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School system continues work on tentative FY16 budget
Pay raises, possible additions to middle school band weighed
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School system budget approval

• When: June 18, 7 p.m.
• Where: BoE central office
• About: School board members are expected to approve their FY16 budget and the millage rate at the meeting. The millage rate is expected to be the rollback rate.

Effingham County Board of Education members and administrators are continuing to pore over a projected $91.3 million budget that could include raises — and may add help for the middle school band programs.

School board members, who gave approval to a tentative budget last month, are expected to give final approval to the budget at their June 18 meeting. Along with it, they will set a millage rate, and Superintendent Randy Shearouse said he expects the rollback millage rate to be applied, meaning there will be no property tax increase.

Board members are weighing giving non-certified personnel a 5 percent raise on their current step level. The plan is to give a 5 percent bump over the next two years, according to Shearouse. Doing so would put the system’s lowest-paid workers at close to $10 an hour.

That could help the school system augment areas where it is short of personnel.

“We are having some difficulty finding cafeteria workers and bus drivers,” Shearouse said. “We feel we need to be as competitive as possible. We need to be competitive and make sure we have the best employees possible working with our children.”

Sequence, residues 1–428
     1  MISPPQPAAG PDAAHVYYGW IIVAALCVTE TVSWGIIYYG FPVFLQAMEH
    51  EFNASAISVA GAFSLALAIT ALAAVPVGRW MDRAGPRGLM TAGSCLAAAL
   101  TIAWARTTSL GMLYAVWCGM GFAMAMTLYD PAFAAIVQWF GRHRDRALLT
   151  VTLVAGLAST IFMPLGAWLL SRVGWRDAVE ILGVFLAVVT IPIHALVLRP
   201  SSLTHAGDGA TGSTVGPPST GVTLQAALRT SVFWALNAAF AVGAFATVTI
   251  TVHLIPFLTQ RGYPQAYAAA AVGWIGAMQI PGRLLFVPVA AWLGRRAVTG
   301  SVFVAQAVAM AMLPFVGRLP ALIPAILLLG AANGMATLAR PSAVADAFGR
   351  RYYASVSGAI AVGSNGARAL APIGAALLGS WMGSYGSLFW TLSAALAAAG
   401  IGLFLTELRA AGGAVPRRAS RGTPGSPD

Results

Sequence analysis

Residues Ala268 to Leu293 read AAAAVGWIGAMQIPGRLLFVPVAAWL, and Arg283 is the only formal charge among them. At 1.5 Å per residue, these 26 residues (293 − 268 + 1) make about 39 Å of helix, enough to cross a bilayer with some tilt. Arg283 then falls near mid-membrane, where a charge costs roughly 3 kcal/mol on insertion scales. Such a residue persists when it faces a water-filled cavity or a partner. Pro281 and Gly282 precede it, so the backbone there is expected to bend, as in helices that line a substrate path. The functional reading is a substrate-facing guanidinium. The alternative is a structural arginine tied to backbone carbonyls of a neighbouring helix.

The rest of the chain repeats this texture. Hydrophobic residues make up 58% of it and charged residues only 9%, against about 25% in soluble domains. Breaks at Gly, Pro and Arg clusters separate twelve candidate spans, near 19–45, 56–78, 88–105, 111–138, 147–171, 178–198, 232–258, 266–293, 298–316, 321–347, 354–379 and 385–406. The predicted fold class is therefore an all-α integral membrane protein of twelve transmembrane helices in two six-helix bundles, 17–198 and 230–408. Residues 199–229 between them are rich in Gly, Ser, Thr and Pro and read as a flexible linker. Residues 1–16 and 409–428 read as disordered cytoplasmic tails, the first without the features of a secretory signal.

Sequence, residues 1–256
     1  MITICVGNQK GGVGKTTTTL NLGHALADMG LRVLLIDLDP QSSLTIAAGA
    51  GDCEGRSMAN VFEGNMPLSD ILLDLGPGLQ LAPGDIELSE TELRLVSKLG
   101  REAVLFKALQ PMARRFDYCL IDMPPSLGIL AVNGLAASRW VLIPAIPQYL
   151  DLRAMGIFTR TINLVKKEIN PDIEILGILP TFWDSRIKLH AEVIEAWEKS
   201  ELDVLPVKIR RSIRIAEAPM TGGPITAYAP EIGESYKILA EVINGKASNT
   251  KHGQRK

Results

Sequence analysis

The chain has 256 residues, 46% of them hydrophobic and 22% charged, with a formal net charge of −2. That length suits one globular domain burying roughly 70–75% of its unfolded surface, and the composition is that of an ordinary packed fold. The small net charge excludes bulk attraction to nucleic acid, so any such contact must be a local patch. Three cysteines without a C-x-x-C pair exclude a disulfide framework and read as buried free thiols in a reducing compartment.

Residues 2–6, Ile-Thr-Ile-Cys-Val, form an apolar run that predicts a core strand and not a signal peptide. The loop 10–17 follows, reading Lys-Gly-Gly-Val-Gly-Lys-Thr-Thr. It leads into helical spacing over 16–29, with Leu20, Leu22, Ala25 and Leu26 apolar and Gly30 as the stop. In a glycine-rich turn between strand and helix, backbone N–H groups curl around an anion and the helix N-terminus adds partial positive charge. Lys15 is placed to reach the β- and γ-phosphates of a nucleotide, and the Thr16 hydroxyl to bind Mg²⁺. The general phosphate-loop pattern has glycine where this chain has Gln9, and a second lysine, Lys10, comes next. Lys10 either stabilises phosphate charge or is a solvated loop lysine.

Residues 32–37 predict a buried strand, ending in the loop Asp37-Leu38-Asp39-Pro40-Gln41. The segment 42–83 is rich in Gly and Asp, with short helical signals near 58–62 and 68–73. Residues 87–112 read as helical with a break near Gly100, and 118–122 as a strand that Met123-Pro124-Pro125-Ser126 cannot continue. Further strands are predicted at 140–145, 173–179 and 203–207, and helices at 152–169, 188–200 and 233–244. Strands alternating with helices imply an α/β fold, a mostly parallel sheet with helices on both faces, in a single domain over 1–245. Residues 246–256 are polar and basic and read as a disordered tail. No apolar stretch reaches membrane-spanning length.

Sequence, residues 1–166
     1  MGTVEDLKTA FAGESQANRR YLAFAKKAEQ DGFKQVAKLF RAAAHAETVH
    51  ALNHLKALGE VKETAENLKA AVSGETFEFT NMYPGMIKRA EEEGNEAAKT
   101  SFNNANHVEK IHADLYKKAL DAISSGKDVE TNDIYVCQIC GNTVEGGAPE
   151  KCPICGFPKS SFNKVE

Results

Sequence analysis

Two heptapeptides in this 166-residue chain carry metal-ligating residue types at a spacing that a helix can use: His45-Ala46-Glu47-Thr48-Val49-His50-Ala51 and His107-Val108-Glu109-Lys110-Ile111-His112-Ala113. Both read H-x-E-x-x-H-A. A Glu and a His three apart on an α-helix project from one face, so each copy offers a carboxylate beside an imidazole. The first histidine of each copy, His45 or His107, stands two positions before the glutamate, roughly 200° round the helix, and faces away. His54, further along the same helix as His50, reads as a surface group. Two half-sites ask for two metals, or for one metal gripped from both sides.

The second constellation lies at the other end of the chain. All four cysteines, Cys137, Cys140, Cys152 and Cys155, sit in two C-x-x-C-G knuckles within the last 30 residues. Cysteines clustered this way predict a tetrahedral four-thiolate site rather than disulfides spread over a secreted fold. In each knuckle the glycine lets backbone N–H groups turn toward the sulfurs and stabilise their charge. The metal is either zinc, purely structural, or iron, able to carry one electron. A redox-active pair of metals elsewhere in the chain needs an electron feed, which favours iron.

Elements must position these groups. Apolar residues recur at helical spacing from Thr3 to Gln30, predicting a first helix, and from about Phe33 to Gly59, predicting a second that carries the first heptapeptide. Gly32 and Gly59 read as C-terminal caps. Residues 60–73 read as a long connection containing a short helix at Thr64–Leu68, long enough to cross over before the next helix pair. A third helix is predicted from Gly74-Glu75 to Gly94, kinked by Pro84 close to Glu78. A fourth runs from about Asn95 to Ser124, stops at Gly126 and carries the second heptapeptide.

Also on tap are increases for certified personnel. The state has not changed the salary schedule in several years, Shearouse noted, and the last cost-of-living allowance raise came in 2008-09. The state put more money in the funding formula last year, allowing the Effingham system to give a 3 percent bonus, with 1.5 percent in November and 1.5 percent in May.

The initial proposal called for another 3 percent hike for the coming fiscal year, but equalization funds from the state weren’t as much as before. The school system instead scaled the bump back to 2 percent.

Shearouse said the state has continued to put money in the quality basic education formula, with the goal of either eliminating furlough days or increasing salary.

“We’ve been fortunate we haven’t had furlough days in quite some time,” he said, “so we were able to give 3 percent last year and this year look at giving an additional 2 percent. We’re still looking at that and what they needs are and how that best fits into what the needs are.”

Striking up help for middle school band

But before board members sign off on the budget — with the 2016 fiscal year set to commence July 1 — they may try to squeeze in assistant band directors at each middle school to help with burgeoning demands.

“From an ex-principal’s standpoint, what they do with these kids is unbelievable,” said board member Beth Helmey, who along with Robert Grant pushed for adding middle school assistant band directors. “I would like to find the money to add one at each school.”

Currently, the high school band directors assist the middle school band directors in instruction.

“One thing that is very obvious is how the band programs at the high schools and middle schools work together,” Shearouse said. “The band directors work so well together and they really work as a team. It’s really a team concept with the way our band programs are being run in Effingham County, and I think you can see the results of that.”